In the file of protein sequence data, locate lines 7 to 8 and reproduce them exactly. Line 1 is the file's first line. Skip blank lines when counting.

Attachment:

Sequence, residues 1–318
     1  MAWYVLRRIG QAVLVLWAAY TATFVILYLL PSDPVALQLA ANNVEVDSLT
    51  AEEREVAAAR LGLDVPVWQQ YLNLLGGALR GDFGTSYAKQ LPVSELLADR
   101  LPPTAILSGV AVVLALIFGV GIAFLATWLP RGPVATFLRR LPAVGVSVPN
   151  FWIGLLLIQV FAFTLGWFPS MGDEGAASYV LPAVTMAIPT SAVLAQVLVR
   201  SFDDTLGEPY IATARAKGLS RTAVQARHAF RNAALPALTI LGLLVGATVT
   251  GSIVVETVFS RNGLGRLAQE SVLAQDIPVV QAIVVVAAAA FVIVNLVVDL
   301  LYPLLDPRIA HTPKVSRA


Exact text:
   251  GSIVVETVFS RNGLGRLAQE SVLAQDIPVV QAIVVVAAAA FVIVNLVVDL
   301  LYPLLDPRIA HTPKVSRA